This cake turned out a little surreal even by my standards and that’s its charm. Where else will you see pirate seals with a ship’s figurehead of a seal Amy Winehouse? (“In a psychiatric institute” is not an acceptable answer).
I feel I should explain the thought process behind the cake...even though it may frighten you to have an insight into the workings of my mind. Like most 11 year old boys, my nephew is fascinated by pirates. One of his favourite toys is Gottron, a rather lovely seal, who has ambitions to be a singer (he does have a beautiful singing voice so it isn’t a hopeless dream). Here is Gottron:
Keeping up so far? Good. Now, some while back I ordered marzipan seals and they’ve been unused and sitting in my cupboard ever since. Then I found a superb pirate ship cake tin...can you see where this is going?
Complicated tins cry out for cake release rather than just butter as you keep more of the fine detail; you can even see the little staircases between decks:
Of course, no pirate ship would set sail without a carved figurehead and I’m therefore hoping you’ll see the logic in a boatful of singing seals picking Amy Winehouse as theirs. All makes sense now doesn’t it? Please tell me it makes sense!
They tried to make her go to rehab, but she said “No, no, no”:
The cake is made from my trusty Genoese sponge recipe. My nephew is a sponge hoover and I know that if I made anything else he’d be disappointed. The recipe can be found here and I used 1.5x the quantity as the tin was so big. For your convenience I have set out the increased amounts below, but the basic mix will be enough for most average tins.
All pirate ships have names and this one is no exception:
The crew had to serve a purpose in order to earn their keep. These two are on cannon duty. If you think the cannons look like Twix bars it’s because you have no imagination:
I freely admit I am no cake decorator but I am rather proud of this. What it lacks in skill it makes up for in oddness:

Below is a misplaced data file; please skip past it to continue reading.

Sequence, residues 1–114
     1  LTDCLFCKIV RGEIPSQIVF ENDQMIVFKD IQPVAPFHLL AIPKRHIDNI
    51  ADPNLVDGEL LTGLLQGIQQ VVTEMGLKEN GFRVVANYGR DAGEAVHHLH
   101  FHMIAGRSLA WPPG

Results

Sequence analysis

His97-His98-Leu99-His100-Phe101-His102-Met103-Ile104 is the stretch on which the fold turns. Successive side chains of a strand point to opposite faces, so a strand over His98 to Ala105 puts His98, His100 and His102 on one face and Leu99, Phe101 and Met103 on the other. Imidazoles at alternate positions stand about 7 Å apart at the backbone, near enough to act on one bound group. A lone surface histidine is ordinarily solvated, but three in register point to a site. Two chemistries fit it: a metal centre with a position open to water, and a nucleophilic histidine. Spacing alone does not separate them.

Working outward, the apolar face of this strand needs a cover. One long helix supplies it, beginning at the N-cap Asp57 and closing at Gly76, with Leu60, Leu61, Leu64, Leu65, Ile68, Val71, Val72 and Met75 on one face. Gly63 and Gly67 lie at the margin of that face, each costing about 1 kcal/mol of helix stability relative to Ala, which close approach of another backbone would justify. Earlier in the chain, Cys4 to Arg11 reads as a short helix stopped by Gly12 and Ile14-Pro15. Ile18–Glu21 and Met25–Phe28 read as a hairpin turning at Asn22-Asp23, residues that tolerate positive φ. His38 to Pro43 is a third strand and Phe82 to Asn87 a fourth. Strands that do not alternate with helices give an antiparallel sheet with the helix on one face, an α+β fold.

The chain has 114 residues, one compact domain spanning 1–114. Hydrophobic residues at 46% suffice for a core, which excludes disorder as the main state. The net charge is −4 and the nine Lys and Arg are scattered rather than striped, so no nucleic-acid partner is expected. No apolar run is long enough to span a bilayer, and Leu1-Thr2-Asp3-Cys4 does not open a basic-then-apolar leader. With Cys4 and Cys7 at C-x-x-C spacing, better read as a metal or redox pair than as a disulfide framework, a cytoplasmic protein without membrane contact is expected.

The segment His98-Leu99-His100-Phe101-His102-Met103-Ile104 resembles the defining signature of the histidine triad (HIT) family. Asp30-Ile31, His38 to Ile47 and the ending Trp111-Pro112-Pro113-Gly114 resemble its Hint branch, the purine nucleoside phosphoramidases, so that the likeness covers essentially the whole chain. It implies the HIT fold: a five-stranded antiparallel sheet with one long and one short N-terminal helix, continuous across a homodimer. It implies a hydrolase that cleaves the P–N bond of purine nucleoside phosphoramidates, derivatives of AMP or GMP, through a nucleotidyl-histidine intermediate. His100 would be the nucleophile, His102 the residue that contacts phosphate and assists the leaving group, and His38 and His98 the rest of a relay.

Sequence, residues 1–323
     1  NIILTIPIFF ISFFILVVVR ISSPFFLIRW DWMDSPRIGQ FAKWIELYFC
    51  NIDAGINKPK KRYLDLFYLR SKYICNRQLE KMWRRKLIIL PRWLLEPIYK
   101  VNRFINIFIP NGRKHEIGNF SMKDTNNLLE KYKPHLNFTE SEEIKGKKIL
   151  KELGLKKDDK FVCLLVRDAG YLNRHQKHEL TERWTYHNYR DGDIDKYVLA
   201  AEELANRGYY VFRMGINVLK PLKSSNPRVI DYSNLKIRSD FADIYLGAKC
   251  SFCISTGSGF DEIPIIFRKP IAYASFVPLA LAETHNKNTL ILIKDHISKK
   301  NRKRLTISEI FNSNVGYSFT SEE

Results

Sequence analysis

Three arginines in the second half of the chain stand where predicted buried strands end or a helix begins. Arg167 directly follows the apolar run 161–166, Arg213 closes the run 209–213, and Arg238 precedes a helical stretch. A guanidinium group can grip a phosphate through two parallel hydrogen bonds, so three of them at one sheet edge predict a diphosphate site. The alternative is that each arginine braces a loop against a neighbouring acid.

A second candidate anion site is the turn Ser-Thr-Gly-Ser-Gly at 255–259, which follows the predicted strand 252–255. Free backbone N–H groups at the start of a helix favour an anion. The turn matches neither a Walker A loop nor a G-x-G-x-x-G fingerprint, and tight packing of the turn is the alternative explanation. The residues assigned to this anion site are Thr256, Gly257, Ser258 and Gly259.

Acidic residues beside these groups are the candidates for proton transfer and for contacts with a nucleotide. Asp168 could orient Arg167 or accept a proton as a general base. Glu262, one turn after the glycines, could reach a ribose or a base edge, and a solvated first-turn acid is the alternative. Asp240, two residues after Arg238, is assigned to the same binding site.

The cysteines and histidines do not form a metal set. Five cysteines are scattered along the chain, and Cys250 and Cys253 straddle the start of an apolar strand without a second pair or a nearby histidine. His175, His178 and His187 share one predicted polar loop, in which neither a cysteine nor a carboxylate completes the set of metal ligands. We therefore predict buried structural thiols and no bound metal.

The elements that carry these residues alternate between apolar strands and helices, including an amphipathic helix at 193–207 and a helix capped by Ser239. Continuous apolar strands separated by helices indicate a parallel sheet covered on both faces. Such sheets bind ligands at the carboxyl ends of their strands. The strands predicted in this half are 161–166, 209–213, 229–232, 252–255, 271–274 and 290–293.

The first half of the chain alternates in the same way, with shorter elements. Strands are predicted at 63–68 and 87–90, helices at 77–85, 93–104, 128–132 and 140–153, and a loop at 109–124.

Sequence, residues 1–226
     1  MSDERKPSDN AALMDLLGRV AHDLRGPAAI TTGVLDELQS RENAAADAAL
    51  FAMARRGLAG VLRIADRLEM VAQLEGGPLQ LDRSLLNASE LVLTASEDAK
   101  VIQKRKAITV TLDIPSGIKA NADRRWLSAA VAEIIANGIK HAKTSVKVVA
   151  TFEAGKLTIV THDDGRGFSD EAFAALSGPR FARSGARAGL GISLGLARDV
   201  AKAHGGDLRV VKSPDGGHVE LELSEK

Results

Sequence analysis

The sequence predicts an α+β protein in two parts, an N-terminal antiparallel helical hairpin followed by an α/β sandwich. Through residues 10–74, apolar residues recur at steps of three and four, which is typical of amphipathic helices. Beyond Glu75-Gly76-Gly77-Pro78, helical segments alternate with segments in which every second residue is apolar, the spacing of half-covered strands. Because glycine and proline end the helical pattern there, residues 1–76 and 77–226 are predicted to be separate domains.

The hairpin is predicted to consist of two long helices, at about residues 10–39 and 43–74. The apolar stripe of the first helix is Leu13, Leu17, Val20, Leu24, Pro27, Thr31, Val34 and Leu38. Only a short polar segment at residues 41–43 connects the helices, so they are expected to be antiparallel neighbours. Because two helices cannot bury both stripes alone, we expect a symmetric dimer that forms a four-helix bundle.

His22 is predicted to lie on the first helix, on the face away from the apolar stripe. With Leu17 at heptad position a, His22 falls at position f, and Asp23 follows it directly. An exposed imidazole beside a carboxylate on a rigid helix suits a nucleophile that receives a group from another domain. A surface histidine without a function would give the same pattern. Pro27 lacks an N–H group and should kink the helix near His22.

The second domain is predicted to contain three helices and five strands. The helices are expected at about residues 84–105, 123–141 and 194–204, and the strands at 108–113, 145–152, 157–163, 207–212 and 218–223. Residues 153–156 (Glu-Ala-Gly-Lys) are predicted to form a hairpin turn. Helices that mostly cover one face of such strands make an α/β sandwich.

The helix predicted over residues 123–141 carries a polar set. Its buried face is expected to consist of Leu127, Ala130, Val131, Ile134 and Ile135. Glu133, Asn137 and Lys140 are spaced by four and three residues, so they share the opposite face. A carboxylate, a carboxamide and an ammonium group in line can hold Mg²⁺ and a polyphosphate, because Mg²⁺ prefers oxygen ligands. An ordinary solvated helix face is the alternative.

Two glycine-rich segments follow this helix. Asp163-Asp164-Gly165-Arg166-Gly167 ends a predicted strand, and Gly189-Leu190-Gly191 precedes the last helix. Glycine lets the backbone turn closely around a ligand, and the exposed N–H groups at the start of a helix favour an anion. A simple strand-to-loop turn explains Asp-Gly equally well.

Gottron, meet Amy:
Genoese sponge never disappoints; it’s soft and crumbly and tasty and delicious:
Abandon ship! Abandon ship! She’s lost half her hull and is sinking!
As it was a birthday tea, I also made my Nutella cupcakes. The recipe for these can be found here and I urge you to try it as they are the best cupcakes I’ve ever tasted! Modest as always!
Ingredients (for the genoese birthday cake):
For the sponge:
For the buttercream:
250g Unsalted butter, at room temperature
2 teaspoons vanilla extract
400g icing sugar
Blue food colouring – to be used in half the buttercream
- Preheat oven to 160°C/fan oven 140°C/325°F/Gas mark 3
- Grease (or brush with cake release) your chosen tin.
- Cream the butter and sugar together until light and fluffy. Don’t skimp on this stage as it’s the key to creating an airy sponge. I like to beat the butter on its own and then add the sugar as it seems to give a paler, lighter result.
- Add the flour and eggs a little at a time. Because you’re adding them alternately in small amounts the mix will not curdle.
- Add the vanilla and beat the mix until it’s fluffy, pale and glossy. Taste a tiny bit to ensure it tastes smooth – if you can taste any grittiness it isn’t properly mixed.
- Spoon into your tin.
- Bake. The larger your cake the more cooking time it will need. Larger cakes can take anything from 40 minutes to over an hour. The key, as always, is the look and whether a skewer comes out clean. Ensure that you skewer the cake in different places as I often find the edges may be cooked but the centre still very raw. Be patient – it’s worth the wait!
- Let cool in tin before turning out.
- Now make the buttercream. Beat the butter and vanilla together until smooth and pale then stir in the icing sugar before beating to a smooth buttercream. At this point, I split the buttercream into two bowls as I wanted to leave half of it naturally coloured, and then colour the other half blue for the sea.
- Assemble your cake as required.
- Bask in glory at the wonderful things you have made.